The flood risk metrics and climate adaptation capacity metrics revealed a geographically inverse relationship (e.g. areas with very high flood risk index occupy a low climate adaptation capacity index). Interestingly, majority of the study area (93%) exhibited negative climate adaptation capacity metrics (-22.84 to < 0) which indicate that the resources (e.g. socio-economic) are not sufficient to increase the climate resiliency of the urban community and its critical infrastructures. I utilised these sets of information in the vulnerability assessment of critical infrastructures at single system level. The January 2011 flood instigated service disruptions on the following infrastructures: 1) electricity supplies along 627km (75%) and 212km (25%) transmission lines in two separate areas; 2) road and rail services along 170km (47%) and 2.5km (38%) networks, respectively; 3) potable water supply along 246km (56%) distribution lines; and 4) stormwater and sewerage services along 33km (91%) and 32km (78%) networks, respectively.

From the critical infrastructure interdependency analysis, the failure of sewerage system due to the failure of electricity supply during the January 2011 flood exemplified the first order interdependency of critical infrastructures. The ripple effects of electricity failure down to road inaccessibility for emergency evacuation demonstrated the higher order interdependency. Moreover, an inverted pyramid structure demonstrated that the hierarchy of climate adaptation strategies of the infrastructures was graded from long-term measures (e.g. elimination) down to short-term measures (e.g. protection).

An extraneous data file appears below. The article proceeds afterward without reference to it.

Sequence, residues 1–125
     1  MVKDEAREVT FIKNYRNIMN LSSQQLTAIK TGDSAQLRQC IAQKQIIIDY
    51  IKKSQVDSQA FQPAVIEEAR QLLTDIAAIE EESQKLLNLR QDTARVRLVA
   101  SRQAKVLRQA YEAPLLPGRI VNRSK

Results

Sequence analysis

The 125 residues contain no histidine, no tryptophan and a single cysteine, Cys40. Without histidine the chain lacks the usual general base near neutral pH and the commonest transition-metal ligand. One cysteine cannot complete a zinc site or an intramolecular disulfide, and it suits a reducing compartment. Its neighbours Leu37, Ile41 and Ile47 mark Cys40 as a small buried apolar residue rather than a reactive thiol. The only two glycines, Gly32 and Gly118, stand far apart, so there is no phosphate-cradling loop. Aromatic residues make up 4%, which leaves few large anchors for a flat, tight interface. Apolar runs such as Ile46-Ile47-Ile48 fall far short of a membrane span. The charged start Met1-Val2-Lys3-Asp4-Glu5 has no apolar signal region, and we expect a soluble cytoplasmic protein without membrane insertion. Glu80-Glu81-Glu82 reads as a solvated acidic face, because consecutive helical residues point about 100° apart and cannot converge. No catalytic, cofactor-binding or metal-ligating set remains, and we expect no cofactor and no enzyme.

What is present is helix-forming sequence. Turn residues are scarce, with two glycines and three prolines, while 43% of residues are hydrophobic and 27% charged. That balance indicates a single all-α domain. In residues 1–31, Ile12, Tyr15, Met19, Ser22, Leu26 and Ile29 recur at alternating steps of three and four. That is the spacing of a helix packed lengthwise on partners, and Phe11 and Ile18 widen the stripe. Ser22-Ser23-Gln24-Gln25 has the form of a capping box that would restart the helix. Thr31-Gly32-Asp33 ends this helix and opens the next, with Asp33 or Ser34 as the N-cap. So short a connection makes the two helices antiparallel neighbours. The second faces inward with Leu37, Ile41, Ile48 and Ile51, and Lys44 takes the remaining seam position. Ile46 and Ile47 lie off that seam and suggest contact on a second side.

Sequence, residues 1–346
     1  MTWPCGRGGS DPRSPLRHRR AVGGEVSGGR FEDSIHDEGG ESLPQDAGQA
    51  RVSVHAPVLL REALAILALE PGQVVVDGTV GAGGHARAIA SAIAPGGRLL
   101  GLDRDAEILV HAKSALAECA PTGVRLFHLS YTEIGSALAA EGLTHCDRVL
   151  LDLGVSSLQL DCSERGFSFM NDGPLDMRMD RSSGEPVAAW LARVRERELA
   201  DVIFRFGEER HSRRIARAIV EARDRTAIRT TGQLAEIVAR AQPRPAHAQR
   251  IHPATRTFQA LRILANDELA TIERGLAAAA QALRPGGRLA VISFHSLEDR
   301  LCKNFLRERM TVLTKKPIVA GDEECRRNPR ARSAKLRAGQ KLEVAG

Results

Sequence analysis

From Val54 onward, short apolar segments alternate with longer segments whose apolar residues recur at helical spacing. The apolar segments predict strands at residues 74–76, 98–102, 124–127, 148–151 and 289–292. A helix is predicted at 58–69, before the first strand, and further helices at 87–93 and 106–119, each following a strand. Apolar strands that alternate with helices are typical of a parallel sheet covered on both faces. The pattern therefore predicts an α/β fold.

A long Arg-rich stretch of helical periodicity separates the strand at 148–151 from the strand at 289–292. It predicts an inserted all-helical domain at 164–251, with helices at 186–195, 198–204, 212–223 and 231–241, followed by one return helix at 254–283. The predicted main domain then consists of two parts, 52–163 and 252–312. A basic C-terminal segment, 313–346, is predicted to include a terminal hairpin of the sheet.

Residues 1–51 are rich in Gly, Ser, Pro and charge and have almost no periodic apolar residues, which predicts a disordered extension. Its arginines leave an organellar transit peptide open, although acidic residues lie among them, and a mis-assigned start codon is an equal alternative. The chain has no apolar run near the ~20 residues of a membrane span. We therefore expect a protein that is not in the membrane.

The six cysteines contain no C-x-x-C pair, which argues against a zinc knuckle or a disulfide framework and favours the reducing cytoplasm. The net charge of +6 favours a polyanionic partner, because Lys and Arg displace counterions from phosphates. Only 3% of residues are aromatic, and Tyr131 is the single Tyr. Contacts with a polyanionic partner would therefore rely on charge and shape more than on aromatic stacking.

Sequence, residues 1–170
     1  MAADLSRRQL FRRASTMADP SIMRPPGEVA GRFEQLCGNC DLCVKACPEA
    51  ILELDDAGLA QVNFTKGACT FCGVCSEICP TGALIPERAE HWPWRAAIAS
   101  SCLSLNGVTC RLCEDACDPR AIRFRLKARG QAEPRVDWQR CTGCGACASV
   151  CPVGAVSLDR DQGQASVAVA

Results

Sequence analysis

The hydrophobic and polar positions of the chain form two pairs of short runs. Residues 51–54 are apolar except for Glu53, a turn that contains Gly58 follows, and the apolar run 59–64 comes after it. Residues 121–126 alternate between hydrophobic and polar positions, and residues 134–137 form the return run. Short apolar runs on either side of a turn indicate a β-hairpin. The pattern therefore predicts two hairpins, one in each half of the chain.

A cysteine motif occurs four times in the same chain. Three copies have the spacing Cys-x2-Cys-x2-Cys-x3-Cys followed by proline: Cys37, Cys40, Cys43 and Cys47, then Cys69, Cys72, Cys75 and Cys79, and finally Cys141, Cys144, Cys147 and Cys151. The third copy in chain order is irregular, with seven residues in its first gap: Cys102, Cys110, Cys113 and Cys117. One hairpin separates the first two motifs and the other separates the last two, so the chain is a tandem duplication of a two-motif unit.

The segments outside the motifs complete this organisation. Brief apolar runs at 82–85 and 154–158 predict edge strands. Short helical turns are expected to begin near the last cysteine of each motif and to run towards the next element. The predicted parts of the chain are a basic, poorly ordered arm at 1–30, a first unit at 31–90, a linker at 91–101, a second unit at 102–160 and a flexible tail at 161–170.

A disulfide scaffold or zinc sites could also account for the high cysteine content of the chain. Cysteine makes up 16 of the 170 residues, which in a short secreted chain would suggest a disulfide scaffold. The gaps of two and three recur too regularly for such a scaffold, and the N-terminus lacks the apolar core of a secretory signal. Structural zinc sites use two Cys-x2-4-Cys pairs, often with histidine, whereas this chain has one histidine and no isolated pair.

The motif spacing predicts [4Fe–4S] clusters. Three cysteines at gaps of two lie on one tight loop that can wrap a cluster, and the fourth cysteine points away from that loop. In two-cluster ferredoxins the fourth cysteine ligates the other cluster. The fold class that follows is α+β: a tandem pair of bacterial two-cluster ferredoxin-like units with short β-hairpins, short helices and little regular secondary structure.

The analysis with Markov Decision Processes (MDP) elucidated that the Australian Commonwealth government utilised the natural disaster risk reduction expenditure to focus on recovery while the State government focused on mitigation. There was a clear indication that the results of the MDP analysis for the State government established an agreement with the previous economic analysis (i.e. mitigation could reduce the cost of recovery by 50% by 2050 with benefit-cost ratio of 1.25).

The newly developed spatially-explicit analytical technique, formulated in this thesis as the flood risk-adaptation capacity index-adaptation strategies (FRACIAS) linkage model, integrates the flood risk and climate adaptation capacity assessments for floodplain areas. Exacerbated by the absence of critical infrastructure interdependency assessment in various geographic analyses, this study enhanced the usual compartmentalised methods of assessing the flood risk and climate adaptation capacity of flood plain areas. Using the different drivers and factors that exposed an urban community and critical interdependent infrastructures to extreme climatic event, this work developed GIS-enabled systematic analysis which established the nexus between the descriptive and prescriptive modelling to climate risk assessment.

Keywordsspatial; interdependency; compartmentalised; flood; autocorrelation
ANZSRC Field of Research 2020419999. Other environmental sciences not elsewhere classified
Byline AffiliationsInternational Centre for Applied Climate Science